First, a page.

The Internal Revenue Service recently announced the cost of living adjustments (COLA) for 2018. These COLAs affect various contribution and deduction limits for qualified retirement plans, as well as the deductible contribution limits for traditional Individual Retirement Arrangements (IRAs).
Internal Revenue Code Section 415(d) requires that the Secretary of the Treasury annually adjust these limits for cost-of-living increases. IRS Notice 2017-64 contains the COLAs that will take effect January 1, 2018.
Some limitations increased, while others remain unchanged from the 2017 limits. The more common limitations are summarized below, along with the applicable Code Section and/or Treasury Regulations Section (Regs).
- The limitation on the annual benefit under a defined benefit plan increases from $215,000 to $220,000. (Code Section 415(b)(1)(A)).
- The annual contribution limitation for defined contribution plans increases from $54,000 to $55,000 (Code Section (415(c)(1)(A)).
- The annual deferral limit for 401(k), 403(b), most 457 plans and the federal government’s Thrift Savings Plan increases from $18,000 to $18,500 (Code Sections 402(g)(1),402(g)(3)).
- The annual deferral limit for deferred compensation plans of state and local governments, and tax-exempt organizations increases from $18,000 to $18,500 (Code Section 457(e)(15)).
- The annual maximum considered compensation limit increases from $270,000 to $275,000 (Code Sections 401(a)(17), 404(l),408(k)(3)(C) and 408(k)(6)(D)(ii)).
- The dollar limitation for determining the maximum account balance in an Employee Stock Ownership Plan (ESOP), subject to a 5-year distribution period, increases from $1,080,000 to $1,105,000; and the dollar amount used to determine the lengthening of the 5-year distribution period increases from $215,000 to $220,00 (Code Section 409(o)(1)(C)(ii)).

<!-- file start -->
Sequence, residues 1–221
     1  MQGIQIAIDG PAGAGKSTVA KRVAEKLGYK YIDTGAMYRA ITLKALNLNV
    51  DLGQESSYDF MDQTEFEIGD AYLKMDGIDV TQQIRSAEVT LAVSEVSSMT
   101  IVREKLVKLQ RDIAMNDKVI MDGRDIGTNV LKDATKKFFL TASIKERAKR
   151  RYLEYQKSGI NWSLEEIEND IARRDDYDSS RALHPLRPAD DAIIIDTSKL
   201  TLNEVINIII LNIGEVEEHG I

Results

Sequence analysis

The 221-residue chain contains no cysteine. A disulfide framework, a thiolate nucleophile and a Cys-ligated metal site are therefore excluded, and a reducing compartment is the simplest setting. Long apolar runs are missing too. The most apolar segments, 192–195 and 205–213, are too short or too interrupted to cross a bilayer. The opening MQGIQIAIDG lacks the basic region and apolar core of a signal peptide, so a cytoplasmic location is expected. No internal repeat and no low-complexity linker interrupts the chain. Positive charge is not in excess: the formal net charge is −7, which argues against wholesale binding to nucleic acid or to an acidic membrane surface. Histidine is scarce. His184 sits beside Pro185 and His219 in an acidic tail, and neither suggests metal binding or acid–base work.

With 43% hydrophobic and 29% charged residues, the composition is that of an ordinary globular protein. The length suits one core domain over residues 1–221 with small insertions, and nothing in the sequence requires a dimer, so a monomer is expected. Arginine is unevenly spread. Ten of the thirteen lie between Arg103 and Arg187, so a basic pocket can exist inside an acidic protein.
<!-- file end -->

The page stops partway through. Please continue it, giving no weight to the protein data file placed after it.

- The limitation concerning the qualified gratuitous transfer of qualified employer securities to an ESOP increases from $45,000 to $50,000 (Code Section 664(g)(7)).
- The dollar limitation on premiums paid with respect to a Qualifying Longevity Annuity Contract (QLAC) increases from $125,000 to $130,000. (Code Section 1.401(a)(9)-6 and Regs. Section A-17(b)(2)(ii)).
- The Social Security Taxable Wage Base increases from $127,200 to $128,700.
- The annual compensation threshold for purposes of the definition of “Key Employee” remains at $175,000 (Code Section 416(i)(1)(A)(i)).
- The annual “look-back” compensation income limit for purposes of the definition of “Highly Compensated Employee” remains at $120,000 (Code Section 414(q)(1)(B)).
- The annual deferral limitation for SIMPLE retirement accounts stays at $12,500 (Code Section 408(p)(2)(E)).
- The maximum amount of catch-up contributions that individuals age 50 or over may make to SIMPLE 401(k) plans or SIMPLE retirement accounts remains at $3,000 (Code Section 414(v)(2)(B)(ii)).
- The compensation threshold for simplified employee pensions (SEPs) remains at $600 (Code Section 408(k)(2)(C)).
- The maximum amount of catch-up contributions that individuals age 50 or over may make to 401(k) plans, 403(b) plans, SEPs and governmental 457(b) plans remains at $6,000 (Code Section 414(v)(2)(B)(i)).
- The maximum amount that can be contributed to an IRA remains at $5,500. The IRA catch-up contribution limit for IRAs remains unchanged at $1,000 (Code Section 219(b)(5)(A)).
Quick reference guide to key limitations for 2017 and 2018:
|Item||2017 Limit||2018 Limit|
Elective Deferral Limit
Defined Contribution Plan
Defined Benefit Plan
Annual Compensation Limit
Catch-Up Contribution Limit
Highly Compensated Employee
Social Security Taxable
For more information on the COLA for 2018, contact us.